In other words, who really knows?  The excerpt is from Darwin’s new book After Tamerlane: The Global History of Empire Since 1405, which should be read by anyone…who…reads books with titles like that.  It is most interesting on the Indian and Arabic collapse of the 18th century and on fitting the Russian conquest of Central Asia into the more general history of European imperialism.  I didn’t find any revelations in the book, but it was consistently interesting and readable throughout.

A simple ethical conundrum

A few days ago I was in a London taxicab when I noticed a possibly expensive purse in the seat next to me.  I climbed out of the cab and without much thought (shame on me) gave it to the driver.  I explained someone had left it there.  Of course I was intent on treating the driver like a decent human being.  But wait, I know I am honest and maybe he isn’t.  But wait, maybe I couldn’t have gotten the purse to the woman very easily.  But wait, I could have posted notice on this blog and had you help me track her down.  But wait, isn’t it my obligation to simply leave the woman no worse off than she was in the first place?  But wait, what is the default point for defining "in the first place"?  But wait, what would the driver have thought if he saw me taking the purse out of his cab?  But wait, isn’t a purse really really important?  But wait, what if the purse belonged to the driver?

What I really think of the new popular economics books

I recently published an article in the Swiss arts magazine Du on the wave of popular economics books.  Yes I am an economist but I am also interested in the implicit philosophies and theologies of these books.  My piece is in German and not on-line but here are a few bits from it.

About Freakonomics I wrote:

The implicit theology of Freakonomics is that of original sin. The book is full of stories of liars: “people lie, data don’t” can be taken as the book’s motto…

Levitt and Dubner seek to puncture naïve optimism. It is the reader who needs reforming, and the proposal is to drive naivete out of our systems. We must recognize original sin (recall the bite into the apple on the book’s cover), give up on utopian dreams, and stick to what can be proven by science. That means an acceptance of ongoing human depravity, but Freakonomics goes further. It preemptively protects us against encountering that depravity and lying in our own lives. We have been warned, and we need no longer fear disappointment from our encounters with the real world.

It should come as no surprise that Dubner – the one who actually wrote the book – also penned an entire book about his personal theology. Dubner is ethnically Jewish but his parents had converted to Catholicism and raised him as a Catholic. Over the course of his life he rediscovered his Jewish heritage and religion and chronicled that process in his fascinating Choosing My Religion: A Memoir of a Family Beyond Belief. It is theology, Dubner’s main obsession, which gave him the background to write a popular economics book that touched so many Americans.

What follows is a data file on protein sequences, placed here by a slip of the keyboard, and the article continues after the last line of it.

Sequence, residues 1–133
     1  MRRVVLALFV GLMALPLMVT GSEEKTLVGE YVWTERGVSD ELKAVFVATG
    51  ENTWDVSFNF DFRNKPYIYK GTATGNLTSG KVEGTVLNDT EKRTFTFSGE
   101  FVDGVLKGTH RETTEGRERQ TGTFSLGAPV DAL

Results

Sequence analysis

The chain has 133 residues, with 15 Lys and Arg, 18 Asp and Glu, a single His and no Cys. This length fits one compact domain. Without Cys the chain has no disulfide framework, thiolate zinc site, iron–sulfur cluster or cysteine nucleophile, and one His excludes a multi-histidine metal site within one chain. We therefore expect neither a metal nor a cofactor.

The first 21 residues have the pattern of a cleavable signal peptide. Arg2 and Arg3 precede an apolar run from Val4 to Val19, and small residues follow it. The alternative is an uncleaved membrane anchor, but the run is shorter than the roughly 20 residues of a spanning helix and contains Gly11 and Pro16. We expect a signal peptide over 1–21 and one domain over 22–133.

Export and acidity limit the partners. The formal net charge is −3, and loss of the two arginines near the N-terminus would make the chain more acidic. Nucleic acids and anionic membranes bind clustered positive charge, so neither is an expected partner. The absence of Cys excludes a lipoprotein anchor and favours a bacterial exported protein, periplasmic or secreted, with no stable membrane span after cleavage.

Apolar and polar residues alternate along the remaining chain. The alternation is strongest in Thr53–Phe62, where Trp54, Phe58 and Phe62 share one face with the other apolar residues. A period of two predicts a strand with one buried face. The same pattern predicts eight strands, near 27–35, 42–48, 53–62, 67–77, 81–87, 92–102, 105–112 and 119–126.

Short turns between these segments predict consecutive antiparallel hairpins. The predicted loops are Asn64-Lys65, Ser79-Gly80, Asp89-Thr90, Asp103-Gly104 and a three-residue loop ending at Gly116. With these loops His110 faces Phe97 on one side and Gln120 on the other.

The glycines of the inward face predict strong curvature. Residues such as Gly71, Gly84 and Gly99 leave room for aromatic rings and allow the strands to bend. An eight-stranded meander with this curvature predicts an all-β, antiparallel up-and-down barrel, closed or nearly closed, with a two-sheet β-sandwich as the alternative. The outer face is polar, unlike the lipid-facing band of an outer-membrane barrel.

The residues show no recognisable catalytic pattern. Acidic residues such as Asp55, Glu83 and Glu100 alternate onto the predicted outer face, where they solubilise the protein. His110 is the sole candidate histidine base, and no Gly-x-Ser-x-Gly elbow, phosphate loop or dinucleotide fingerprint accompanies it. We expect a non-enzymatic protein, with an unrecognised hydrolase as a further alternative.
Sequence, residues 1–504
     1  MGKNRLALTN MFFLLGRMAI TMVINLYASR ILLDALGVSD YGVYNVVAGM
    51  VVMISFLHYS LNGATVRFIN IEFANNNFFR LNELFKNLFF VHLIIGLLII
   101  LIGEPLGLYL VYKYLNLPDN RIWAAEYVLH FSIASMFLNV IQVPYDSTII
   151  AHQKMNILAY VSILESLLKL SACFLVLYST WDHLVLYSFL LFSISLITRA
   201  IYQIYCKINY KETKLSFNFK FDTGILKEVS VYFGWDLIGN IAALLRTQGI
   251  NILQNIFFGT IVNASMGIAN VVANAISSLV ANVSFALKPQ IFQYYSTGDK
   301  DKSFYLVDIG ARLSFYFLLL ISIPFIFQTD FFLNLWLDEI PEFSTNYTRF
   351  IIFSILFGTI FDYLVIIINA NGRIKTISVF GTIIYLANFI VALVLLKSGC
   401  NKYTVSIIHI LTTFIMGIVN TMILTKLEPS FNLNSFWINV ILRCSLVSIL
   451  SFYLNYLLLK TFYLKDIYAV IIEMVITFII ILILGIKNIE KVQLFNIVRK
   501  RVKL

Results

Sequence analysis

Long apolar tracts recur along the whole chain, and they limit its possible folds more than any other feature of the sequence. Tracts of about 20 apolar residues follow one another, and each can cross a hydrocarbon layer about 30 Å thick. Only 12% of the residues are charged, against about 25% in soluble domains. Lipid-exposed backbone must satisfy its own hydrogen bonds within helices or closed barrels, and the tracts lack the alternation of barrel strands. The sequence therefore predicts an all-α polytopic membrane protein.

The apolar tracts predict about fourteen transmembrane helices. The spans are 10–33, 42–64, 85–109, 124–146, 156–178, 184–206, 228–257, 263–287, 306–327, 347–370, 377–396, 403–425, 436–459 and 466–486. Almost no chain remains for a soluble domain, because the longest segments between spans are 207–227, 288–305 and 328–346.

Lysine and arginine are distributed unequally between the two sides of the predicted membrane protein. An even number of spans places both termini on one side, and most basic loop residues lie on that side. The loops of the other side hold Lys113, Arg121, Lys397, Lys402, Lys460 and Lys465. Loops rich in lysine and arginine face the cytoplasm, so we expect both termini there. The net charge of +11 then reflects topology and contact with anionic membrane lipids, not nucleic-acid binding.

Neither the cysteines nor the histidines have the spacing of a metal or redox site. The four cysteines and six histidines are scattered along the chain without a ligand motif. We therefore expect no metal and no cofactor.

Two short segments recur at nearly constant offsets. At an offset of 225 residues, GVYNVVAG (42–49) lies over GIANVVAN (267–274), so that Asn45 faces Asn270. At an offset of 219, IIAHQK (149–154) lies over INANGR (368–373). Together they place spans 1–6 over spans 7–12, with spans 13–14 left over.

And how about Tim Harford?

Harford’s voice is always gentle, sometimes cynical, and usually whimsical and reassuring in his language. He points to the ironies of life. He is hardly one to deny that people lie, but such peccadilloes are a sideshow rather than the center of his moral universe. We still can make our way in the world and carve out a small piece of personal happiness and perhaps a small bit of virtue as well. Harford often reminds us that hedonism has its place in human affairs; his latest book opens with a discussion of the prospect of “a rational [you-know-what].”

In other words, Harford serves up British secularism rather than American original sin. Harford’s “Dear Economist” column…views human foibles as inevitable yet endearing; in Harford’s world no judgment is ever too harsh or too one-sided.

As an economist, Harford seems more interested in “invisible hand mechanisms” than are Dubner and Levitt. Freakonomics informs us that what appears to be ordinary is in fact full of corruption. Harford’s Undercover Economist is keener to show that the apparently corrupt can, at the macro level, lead to entirely acceptable and indeed sometimes humane results.

There is much more, here is one final bit:

Popular economics books reveal their true colors most clearly when they talk about sex. In Freakonomics sex is not holy but rather sex and reproduction lead to the birth of criminals…For Harford sex is a slightly naughty pleasure, and a pleasure to be mocked, but at least it is a real pleasure; this American reviewer again cannot help seeing the British tinge of his work.

Northern Rock has been nationalized

The media here seem more shocked than I am.  But imagine — a country dedicated to liberal economics (more or less) nationalizes one of the largest firms in its most vibrant economic sector.  Martin Wolf has a good piece on the event.  The real question is whether the UK (and other countries) will feel compelled to move to a system of regularized depositor liquidity rights and larger deposit insurance guarantees.  Right now British depositors receive a lower guarantee, both de jure and de facto, and can wait for months for access to their funds from a failed bank; read more here.  For all its drawbacks and screwy incentives, arguably the biggest advantage to deposit insurance is simply that it makes bank nationalizations unlikely.  Simply letting the bank fail is not always a credible alternative, because of contagion effects, bank runs, and the simple workings of democracy.  The bank did face an offer from Richard Branson but it seems that the numbers did not add up and the government would have been left holding the bag anyway.  Felix Salmon adds commentary.